The Travel Compensation Fund also has a role in ensuring that the various travel firms are being overseen from a financial point of view so that the community knows they are sound and not likely to go bankrupt and are likely to follow through with providing travellers with the various forms of travel they have paid for.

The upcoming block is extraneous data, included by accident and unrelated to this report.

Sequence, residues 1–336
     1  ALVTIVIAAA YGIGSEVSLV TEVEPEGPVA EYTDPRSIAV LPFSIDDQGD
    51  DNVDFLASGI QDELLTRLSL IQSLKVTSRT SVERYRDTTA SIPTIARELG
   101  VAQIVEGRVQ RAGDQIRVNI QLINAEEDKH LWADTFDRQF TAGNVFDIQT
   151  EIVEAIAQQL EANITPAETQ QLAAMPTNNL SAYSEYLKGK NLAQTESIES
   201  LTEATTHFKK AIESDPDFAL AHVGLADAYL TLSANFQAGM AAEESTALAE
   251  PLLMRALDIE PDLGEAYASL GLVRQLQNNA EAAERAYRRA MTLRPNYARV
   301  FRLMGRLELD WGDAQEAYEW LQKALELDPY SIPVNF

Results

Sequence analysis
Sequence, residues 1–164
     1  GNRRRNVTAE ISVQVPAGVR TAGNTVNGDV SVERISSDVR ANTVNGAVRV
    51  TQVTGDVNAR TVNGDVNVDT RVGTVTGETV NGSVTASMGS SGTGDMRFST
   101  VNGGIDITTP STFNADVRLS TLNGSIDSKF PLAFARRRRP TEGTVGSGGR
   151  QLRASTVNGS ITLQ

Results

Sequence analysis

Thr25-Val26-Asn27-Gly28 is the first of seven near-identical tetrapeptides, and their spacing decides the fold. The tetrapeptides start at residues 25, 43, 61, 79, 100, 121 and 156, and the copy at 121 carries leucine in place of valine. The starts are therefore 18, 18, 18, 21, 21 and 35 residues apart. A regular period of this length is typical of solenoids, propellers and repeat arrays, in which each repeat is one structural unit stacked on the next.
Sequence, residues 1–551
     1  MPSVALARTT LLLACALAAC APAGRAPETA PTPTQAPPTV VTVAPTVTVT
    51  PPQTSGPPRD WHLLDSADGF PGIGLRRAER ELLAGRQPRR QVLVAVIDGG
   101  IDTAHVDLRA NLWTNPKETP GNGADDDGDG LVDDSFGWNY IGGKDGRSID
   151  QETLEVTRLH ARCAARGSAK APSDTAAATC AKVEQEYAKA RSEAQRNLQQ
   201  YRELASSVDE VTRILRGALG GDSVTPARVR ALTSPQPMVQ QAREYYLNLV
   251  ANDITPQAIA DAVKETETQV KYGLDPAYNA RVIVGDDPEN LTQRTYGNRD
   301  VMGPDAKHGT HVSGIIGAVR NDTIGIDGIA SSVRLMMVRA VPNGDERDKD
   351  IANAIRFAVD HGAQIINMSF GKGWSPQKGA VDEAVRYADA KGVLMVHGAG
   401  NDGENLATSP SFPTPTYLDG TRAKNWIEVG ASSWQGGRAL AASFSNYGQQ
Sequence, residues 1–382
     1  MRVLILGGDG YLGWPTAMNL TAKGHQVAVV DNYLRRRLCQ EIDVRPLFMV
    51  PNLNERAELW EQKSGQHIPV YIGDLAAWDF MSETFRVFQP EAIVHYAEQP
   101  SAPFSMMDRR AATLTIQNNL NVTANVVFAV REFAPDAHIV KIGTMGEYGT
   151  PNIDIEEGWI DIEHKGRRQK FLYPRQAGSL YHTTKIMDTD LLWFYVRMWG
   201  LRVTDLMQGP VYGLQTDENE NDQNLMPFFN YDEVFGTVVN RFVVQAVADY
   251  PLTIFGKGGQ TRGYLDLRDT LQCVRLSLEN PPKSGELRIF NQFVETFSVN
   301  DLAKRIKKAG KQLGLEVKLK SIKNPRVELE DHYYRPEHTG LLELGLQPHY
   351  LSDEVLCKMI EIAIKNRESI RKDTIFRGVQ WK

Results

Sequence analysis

The system as we have it at the moment is very sound and very reliable. Travel agents have of course pointed out that it is somewhat expensive for them to pay into the Travel Compensation Fund. They point out quite rightly that they are getting less and less travel business because more and more people are booking their travel arrangements directly online. What this government and governments across Australia have therefore done is to have a meeting and to say, ‘We need to nationalise the scheme. The compensation fund is expensive, so we are going to do away with it’. They are doing away with the mandatory regulation of travel agents and instead having travel agents setting up their own schemes, with the Australian Federation of Travel Agents (AFTA) providing some support for some travel agents, although not all travel agents will have to be AFTA members. So we are going to have a system in place that leaves a number of travellers pretty vulnerable, meaning they can still have their fingers burnt.